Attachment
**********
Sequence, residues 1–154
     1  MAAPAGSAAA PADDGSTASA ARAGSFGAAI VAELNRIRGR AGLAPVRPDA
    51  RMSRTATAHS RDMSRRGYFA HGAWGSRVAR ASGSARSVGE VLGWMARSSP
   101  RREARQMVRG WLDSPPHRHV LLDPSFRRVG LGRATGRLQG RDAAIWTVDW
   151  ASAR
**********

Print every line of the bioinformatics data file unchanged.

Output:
Sequence, residues 1–154
     1  MAAPAGSAAA PADDGSTASA ARAGSFGAAI VAELNRIRGR AGLAPVRPDA
    51  RMSRTATAHS RDMSRRGYFA HGAWGSRVAR ASGSARSVGE VLGWMARSSP
   101  RREARQMVRG WLDSPPHRHV LLDPSFRRVG LGRATGRLQG RDAAIWTVDW
   151  ASAR